In other news, Monday BH is orchestrating the possibly final part of our move, with professional movers (!). I don’t recommend the convenience of having two houses for an extended period. It makes moving pretty much death by a thousand cuts. I would rather we had found the time to just devote to the move and have it done. Although I must point out, I’m not doing any of the move, just trying to set up the usual household systems etc. However, I am loving living in our new house, love the light and space, and trying to track the kids down in the far reaches of the garden. (Note to self: dark or green clothes, no matter how fetching, will no longer be purchased for fear of losing the littles amongst the greenery. Everyone should have my problems. )
My only real problem with the new place is not as I expected, that I feel out of place due to snootiness of neighbourhood (turns out, I have a very strong “fuck-em if they can’t take a hick” attitude) but guilt. I have always been priviledged, I know this. I grew up with great advantages, education, health, oportunities etc, but this, this new place is ridiculous. I wonder if I can get over the need to apologize for my good fortune?
Last night the girls got haircuts. J is cuter than a button with a short bob that shows off her heavy tresses, while A’s fine hair makes her look remarkably like the kid in Les Miserables posters – except possibly better fed. When I woke J this morning, I couldn’t help exclaiming again over how grown-up she looked. She reached up and felt her bare neck and said “and its still there”. Yep, it wasn’t an elaborate haircutting dream sequence, honey.
Back at work, I continue to try to string together effective sentences while my synapses are clearly mired in this gelatinous goo. On Fridays, my workload seems doable. The rest of the time, I feel like I may or may not make it to the end of May. Perhaps I could find someway to hang on to this hopefulness the rest of the week?
There was a small tempest, earlier this week, over at Dani’s blog.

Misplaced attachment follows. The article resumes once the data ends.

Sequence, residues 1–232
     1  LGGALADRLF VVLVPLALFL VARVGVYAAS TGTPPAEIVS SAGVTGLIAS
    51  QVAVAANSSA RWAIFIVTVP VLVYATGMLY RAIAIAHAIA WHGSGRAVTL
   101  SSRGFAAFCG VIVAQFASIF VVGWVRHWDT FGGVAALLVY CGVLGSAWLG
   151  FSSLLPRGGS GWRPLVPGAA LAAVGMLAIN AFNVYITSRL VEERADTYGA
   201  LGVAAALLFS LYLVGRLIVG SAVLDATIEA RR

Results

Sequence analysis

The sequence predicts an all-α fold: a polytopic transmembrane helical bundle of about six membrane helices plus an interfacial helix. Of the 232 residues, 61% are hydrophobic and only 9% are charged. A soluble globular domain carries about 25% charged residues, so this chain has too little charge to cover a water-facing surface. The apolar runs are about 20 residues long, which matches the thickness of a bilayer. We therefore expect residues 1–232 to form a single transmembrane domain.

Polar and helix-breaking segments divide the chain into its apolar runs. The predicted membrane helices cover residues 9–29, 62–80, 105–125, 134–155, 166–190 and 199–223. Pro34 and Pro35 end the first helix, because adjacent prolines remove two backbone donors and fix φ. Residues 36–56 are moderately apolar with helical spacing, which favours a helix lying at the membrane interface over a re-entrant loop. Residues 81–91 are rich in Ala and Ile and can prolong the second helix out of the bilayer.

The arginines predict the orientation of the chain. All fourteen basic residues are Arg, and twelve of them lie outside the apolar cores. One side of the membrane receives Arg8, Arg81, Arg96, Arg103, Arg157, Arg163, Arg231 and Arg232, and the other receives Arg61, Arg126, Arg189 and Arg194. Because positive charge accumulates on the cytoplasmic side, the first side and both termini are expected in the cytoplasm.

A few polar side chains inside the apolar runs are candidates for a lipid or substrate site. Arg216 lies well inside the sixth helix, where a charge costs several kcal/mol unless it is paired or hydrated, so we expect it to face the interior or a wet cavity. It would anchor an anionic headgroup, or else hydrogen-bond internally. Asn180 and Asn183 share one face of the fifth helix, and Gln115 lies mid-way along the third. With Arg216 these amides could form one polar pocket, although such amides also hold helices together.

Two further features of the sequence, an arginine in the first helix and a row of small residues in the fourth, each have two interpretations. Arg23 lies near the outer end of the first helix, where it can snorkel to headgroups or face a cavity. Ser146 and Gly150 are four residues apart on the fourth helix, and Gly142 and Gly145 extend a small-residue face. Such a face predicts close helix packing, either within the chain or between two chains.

Some Mommybloggers I greatly respect discovered they were included in a Master’s thesis, available online. I was, I admit, fascinated with the thesis, their response to it, and how that response evolved online.
But in my comment to the original post, I alluded to how it all reminded me of a story.
I could relate to the pressures of trying to tie together a paper that really wanted to go in a billion directions at once.
Once upon a time, a long time ago, I studied linguistics. This does not involve, contrary to popular belief, and fortunately for me, actually learning a whole whack of languages. Instead, it concentrates on theories about language and languages. I love that stuff.
Anyway, for one of my courses (I think I was following up on some theories posited in earlier research) I decided to look at gender differences in language – by studying graffiti. Chosing this topic involved some serious short cuts to make it manageable – I’d look only at one set of bathrooms (men’s and women’s) on campus, documenting and reviewing what I found.
On the walls in there, I found a striking difference – men made assertions, women sought community or affirmation. But in the process of trying to winnow down my thesis into something manageable, I really missed any possibility of producing anything generalizable.
Plus, I must say I had a hell of a good time seeing the reaction on faces of students hanging around, observing both my boyfriend and I heading into our respectively gender-designated cans, then coming out some time later, each trying to shake the kinks out of his or her hand. And commiserating with each other about “how exhausting that was” – while being visibly excited to compare notes… Yeah, that must have looked good.
I had enlisted his help to record the comments in the boy’s room, and it took quite a bit of doing to jot down all that he saw. Our hands were worn out from transcribing, folks, transcribing!
Need I mention this was before the day of cell phone cameras? Nowadays it would be a breeze to just nonchalantly photograph the walls of the stall for posterity.
My point being: I wonder whether the authors of some of those discussions (and I did record some surprisingly personal, lengthy discussions) ever thought their work would be the subject of “academic” review?
Maybe this new media, creating more public space, also creates such a sense of community that it becomes really easy to forget who else can wander by and use your words, draw conclusions about your life, and cast aspersions on your ideals. Made me want to write a couple of theses myself – despite my propensity to dissolve into a puddle of procrastination at the sight of my work being reviewed.
But hey, bring on the aspersions! That’s what I’m signing up for.